• There are two main embodiments described in the present disclosure. The first of these main embodiments is described in terms of two subembodiments, which will be described later. In the first main embodiment of the present invention, assertions are made directly to a SIP registrar (such as the identity provider). A requester calls for an assertion, and a response returns the requested assertion (or an error). SAML can be cast into particular contexts of use by binding it to the specific underlying protocols (HTTP or SIP, depending upon the situation) and profiling it for the specific use case at hand. As part of this embodiment, a new profile is created that uses SAML-SOAP and SOAP-SIP bindings to build mechanisms to handle the single-sign on assertions. This scenario assumes that the authentication service is provided by the service provider and needs minimal support by an Internet gateway (IG) device.
  • It should be noted that the term “requester” as used in the present disclosure shall be interpreted as any device that is requesting access to a service, specifically the device that makes a request to have an assertion assigned so that it may access the service without re-entering password or other sign on information.
  • A “SIP registrar” is a server in a SIP network that accepts and processes SIP REGISTER requests. The SIP registrar provides a location service which registers one or more IP addresses to a certain SIP URI, indicated by the sip: scheme, although other protocol schemes are possible (such as tel:). More than one user agent can register at the same URI, with the result that all registered user agents will receive a call to the SIP URI. SIP registrars are logical elements, and are commonly co-located with SIP proxies. But it is also possible and often good for network scalability to place this location service with a redirect server.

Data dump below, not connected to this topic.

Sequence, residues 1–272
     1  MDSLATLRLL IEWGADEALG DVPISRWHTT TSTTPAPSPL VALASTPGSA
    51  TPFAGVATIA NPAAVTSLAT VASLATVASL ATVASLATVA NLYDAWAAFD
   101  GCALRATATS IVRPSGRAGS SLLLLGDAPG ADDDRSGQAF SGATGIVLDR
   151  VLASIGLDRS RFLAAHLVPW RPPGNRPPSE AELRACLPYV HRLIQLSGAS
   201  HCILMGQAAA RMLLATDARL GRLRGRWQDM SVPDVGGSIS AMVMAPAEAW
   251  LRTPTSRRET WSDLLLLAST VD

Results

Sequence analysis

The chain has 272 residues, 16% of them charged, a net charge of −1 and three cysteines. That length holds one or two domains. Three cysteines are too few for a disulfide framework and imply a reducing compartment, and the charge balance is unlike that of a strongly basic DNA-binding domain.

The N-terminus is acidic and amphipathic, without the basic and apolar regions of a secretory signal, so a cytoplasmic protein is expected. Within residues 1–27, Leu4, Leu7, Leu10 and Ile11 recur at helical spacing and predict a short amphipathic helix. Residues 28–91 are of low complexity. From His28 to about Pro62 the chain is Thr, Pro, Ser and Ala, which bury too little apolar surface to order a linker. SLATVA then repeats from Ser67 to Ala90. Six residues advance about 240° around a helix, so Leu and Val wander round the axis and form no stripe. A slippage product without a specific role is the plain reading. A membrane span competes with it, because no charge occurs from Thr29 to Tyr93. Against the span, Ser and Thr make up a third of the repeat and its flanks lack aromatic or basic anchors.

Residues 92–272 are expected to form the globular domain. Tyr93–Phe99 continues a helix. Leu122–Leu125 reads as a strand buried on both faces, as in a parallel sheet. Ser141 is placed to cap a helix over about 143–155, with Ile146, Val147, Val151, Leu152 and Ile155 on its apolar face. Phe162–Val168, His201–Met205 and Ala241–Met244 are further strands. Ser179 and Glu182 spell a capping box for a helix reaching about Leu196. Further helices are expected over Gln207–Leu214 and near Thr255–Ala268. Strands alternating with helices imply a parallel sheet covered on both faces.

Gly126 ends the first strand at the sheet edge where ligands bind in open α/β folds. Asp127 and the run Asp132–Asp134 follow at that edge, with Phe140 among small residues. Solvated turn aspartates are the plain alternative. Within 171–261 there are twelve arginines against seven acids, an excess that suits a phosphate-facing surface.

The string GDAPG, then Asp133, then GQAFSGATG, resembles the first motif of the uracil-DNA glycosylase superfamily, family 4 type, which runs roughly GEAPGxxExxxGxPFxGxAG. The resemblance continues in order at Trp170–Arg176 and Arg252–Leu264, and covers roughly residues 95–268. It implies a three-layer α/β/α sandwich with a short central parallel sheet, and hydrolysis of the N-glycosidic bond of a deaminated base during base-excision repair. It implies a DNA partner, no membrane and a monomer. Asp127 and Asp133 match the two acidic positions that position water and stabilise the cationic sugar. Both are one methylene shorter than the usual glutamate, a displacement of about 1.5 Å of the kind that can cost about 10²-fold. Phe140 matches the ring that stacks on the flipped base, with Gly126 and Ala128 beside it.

• In a second main embodiment of the present invention, the SIP registrar delegates some of its functions to an Internet gateway (IG). The assertions therefore are not made directly to the SIP registrar, but are instead made to the IG to which the SIP registrar has delegated authority. Once again SAML is utilized in making the assertions. This scenario assumes that the authentication services is provided in the home network by the Internet gateway. The authentication service is delegated to the Internet gateway in the home by the service provider, and the Internet gateway issues the SAML assertion instead of the service provider.
  • An Internet gateway (or Internet gateway device) is a gateway that includes a number of automatic functions that make it easier to perform various tasks, such as learning a public IP address, enumerate existing port mappings, and add and remove port mappings. The IG runs a version of Internet Gateway Device Protocol, which supports such functions.
  • Referring to the first main embodiment, the inventors of the present invention noted that there is no direct way to carry SAML assertions in a SIP message, as would be required to communicate directly with the SIP registrar. As such, the inventors propose a solution where SAML assertions are carried in a Simple Object Access Protocol (SOAP) body. The SOAP body can then be embedded in the body of a SIP message via a defined SIP request method. In that manner, the SAML Request (and response) can be embedded into a SIP message. FIG. 3 is a diagram illustrating the embedding of SAML assertion in a SOAP body in accordance with an embodiment of the present invention. SAML Request 300 (and the corresponding SAML Response, in the case of the return message) is embedded within SOAP body 302. The SOAP message 304 then includes this SOAP body 302 and a SOAP header 306. The SOAP message 304 itself is then embedded within a SIP message 308.